Page:Newton's Principia (1846).djvu/42

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life of sir isaac newton.

the areas to the times of their description, our author inferred that the force which retained the planet in its orbit was always directed to the sun; and from the second, namely, that every planet moves in an ellipse with the sun in one of its foci, he drew the more general inference that the force by which the planet moves round that focus varies inversely as the square of its distance therefrom: and he demonstrated that a planet acted upon by such a force could not move in any other curve than a conic section; showing when the moving body would describe a circular, an elliptical, a parabolic, or hyperbolic orbit. He demonstrated, too, that this force, or attracting, gravitating power resided in every, the least particle; but that, in spherical masses, it operated as if confined to their centres; so that, one sphere or body will act upon another sphere or body, with a force directly proportional to the quantity of matter, and inversely as the square of the distance between their centres; and that their velocities of mutual approach will be in the inverse ratio of their quantities of matter. Thus he grandly outlined the Universal Law. Verifying its truth by the motions of terrestrial bodies, then by those of the moon and other secondary orbs, he finally embraced, in one mighty generalization, the entire Solar System—all the movements of all its bodies—planets, satellites and comets—explaining and harmonizing the many diverse and theretofore inexplicable phenomena.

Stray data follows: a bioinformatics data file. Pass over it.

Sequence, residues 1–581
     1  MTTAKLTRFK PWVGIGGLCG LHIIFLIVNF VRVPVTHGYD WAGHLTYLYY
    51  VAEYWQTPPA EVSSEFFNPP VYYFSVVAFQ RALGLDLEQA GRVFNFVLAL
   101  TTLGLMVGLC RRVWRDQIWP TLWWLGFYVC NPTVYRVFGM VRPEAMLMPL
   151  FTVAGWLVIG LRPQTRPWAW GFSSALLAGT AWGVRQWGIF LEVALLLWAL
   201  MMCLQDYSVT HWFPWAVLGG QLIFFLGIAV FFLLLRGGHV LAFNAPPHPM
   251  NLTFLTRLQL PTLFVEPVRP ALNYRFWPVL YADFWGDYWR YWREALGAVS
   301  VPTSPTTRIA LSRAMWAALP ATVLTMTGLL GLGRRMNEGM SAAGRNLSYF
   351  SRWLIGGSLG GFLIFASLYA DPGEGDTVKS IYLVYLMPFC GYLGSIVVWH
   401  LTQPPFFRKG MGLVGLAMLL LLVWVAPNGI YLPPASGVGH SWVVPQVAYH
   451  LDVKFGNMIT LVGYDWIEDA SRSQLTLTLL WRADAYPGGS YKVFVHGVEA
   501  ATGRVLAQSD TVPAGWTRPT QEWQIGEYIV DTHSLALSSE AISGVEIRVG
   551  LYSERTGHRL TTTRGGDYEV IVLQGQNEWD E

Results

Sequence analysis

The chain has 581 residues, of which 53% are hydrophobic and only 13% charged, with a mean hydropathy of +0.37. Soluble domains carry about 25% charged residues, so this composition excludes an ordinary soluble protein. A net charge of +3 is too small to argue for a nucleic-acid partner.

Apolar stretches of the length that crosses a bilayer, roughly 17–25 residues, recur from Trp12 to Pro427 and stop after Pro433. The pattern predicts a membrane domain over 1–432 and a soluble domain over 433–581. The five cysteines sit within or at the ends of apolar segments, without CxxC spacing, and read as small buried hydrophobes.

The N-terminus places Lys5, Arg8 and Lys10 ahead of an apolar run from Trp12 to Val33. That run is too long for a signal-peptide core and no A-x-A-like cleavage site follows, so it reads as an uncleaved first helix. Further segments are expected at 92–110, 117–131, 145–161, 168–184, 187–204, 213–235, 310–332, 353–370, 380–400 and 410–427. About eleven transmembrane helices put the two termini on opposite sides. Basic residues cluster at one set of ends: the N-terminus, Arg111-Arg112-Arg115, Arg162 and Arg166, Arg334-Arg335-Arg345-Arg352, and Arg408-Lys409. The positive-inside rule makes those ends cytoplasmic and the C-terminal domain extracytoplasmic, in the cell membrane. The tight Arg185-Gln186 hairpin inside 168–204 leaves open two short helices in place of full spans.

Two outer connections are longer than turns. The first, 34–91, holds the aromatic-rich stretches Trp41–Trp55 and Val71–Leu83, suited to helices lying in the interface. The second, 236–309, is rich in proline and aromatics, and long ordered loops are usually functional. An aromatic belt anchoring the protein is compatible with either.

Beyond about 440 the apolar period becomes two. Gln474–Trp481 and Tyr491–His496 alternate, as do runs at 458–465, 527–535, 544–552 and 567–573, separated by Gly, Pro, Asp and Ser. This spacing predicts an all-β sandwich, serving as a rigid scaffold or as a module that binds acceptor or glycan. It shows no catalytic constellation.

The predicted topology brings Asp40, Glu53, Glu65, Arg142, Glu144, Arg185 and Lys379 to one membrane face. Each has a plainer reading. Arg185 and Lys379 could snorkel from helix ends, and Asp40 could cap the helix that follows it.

Guided by the genius of Newton, we see sphere bound to sphere, body to body, particle to particle, atom to mass, the minutest part to the stupendous whole—each to each, each to all, and all to each—in the mysterious bonds of a ceaseless, reciprocal influence. An influence whose workings are shown to be alike present in the globular dew-drop, or oblate-spheroidal earth; in the falling shower, or vast heaving ocean tides; in the flying thistle-down, or fixed, ponderous rock; in the swinging pendulum, or time-measuring sun; in the varying and unequal moon, or earth's slowly retrograding poles; in the uncertain meteor, or blazing comet wheeling swiftly away on its remote, yet determined round. An influence, in fine, that may link system to system through all the star-glowing firmament; then firmament to firma-